1981 was my introduction a tall, long haired, white guy behind a counter at a record shop and here it is 2008 and I’m still into it. He told me rap was gonna be the next big thing and he was right. That little record store/repair shop is now a Latin phone store owed by some Latin kids.

BTB: What’s the longest you’ve gone without DJing?

Topspeed: I can honestly say the longest I’ve been away from the tables is a month in all the time I’ve been DJing. In 1988 the pair of 1800’s I was using ended up acting up and I started asking around to see how much it would cost for repairs and I was told $75. As a teen that was a lot of records, so I took them apart and got a soldering iron and I ended up buying a gold patch cable from Radio Shack and repairing it myself for $15. That’s what got me into repairing turn tables. I’ve done over 600 pairs of turn tables already. I do arm repair and cord repair.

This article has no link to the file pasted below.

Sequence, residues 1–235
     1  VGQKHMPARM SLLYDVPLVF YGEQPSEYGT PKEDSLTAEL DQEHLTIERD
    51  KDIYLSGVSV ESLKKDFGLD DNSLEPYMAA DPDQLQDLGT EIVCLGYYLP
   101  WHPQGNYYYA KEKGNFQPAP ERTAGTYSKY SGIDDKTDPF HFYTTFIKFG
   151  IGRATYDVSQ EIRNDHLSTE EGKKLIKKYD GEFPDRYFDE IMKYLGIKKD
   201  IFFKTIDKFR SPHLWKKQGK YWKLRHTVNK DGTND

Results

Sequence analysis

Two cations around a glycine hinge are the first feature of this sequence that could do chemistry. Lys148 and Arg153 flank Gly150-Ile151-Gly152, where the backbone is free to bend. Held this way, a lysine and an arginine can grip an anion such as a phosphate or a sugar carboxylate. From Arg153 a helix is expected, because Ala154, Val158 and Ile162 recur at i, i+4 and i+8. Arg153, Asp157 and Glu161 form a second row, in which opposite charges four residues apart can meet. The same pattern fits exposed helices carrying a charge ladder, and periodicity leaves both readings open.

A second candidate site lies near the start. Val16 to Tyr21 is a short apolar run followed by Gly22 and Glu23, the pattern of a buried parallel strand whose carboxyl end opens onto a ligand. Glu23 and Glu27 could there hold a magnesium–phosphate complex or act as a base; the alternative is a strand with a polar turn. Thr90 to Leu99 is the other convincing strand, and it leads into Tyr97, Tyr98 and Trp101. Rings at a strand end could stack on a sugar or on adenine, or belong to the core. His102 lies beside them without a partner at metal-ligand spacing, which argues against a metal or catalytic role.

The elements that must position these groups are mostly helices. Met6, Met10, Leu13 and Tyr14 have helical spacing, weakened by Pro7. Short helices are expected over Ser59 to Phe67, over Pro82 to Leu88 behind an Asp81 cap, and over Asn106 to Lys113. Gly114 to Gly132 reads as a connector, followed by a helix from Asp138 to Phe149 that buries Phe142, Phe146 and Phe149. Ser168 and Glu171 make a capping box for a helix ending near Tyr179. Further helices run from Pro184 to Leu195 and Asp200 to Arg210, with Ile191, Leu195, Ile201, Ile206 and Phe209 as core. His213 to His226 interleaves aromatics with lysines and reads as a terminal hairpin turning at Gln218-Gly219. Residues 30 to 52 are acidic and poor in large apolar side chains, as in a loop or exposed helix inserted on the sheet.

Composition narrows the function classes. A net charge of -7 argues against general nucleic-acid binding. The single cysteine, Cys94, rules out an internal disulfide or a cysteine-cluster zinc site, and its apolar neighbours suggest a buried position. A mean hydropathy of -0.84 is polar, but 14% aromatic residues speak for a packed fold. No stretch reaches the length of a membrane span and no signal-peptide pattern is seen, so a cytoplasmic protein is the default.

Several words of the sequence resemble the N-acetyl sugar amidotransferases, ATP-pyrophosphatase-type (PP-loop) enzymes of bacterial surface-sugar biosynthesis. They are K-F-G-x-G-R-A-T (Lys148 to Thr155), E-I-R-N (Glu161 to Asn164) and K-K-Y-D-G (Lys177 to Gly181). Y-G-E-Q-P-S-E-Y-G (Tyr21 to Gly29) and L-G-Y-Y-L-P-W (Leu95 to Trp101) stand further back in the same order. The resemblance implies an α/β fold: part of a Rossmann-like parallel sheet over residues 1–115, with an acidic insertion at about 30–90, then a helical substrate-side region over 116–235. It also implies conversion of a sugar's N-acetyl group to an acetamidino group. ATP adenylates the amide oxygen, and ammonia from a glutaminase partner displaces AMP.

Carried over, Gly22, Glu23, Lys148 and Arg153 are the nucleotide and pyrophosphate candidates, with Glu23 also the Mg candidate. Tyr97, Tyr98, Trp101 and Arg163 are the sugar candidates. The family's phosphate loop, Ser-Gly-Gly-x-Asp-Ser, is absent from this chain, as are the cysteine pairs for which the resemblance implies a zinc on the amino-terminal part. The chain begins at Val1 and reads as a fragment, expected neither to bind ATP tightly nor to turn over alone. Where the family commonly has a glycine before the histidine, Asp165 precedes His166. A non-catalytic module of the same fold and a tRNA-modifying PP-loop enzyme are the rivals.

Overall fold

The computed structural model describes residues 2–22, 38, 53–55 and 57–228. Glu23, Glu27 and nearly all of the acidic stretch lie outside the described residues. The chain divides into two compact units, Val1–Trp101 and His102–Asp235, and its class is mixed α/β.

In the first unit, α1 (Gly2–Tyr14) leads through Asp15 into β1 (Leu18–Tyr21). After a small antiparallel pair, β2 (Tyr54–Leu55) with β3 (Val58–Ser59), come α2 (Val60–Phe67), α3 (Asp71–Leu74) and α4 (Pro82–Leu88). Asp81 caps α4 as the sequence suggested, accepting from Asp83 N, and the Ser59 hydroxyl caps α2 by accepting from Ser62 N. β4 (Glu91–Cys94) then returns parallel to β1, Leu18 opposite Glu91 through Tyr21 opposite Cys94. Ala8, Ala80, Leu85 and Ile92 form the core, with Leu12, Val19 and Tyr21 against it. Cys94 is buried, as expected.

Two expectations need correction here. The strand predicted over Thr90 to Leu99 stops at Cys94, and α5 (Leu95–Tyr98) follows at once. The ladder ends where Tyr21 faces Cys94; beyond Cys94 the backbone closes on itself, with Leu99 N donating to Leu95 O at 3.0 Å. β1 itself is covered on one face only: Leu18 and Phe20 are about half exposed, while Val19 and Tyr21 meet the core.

BTB: If you could work with any group or DJ who would it be and why?

Topspeed: The group I’d want to work with for the sake of it would be with Public Enemy. I feel like Chuck D has a lot to say.

Another person I would like to work with musically would be David Banner. He has real commercial success and he’d be first to tell you he has a lot of respect for what the east coast has done. He would go through Indy and give me mad props on the radio.

A Dj would be hard to say because the guys I would want to work with are already big like Shadow, who has already made his name. One guy that I’d like to work with would be Karafania. We like the same amount of hip hop and he respects all levels of it and the big thing is to have respect for all levels of it. There are two types of music good and bad.

BTB: If you had to hear one song all day every day for the rest of your life what song would it be?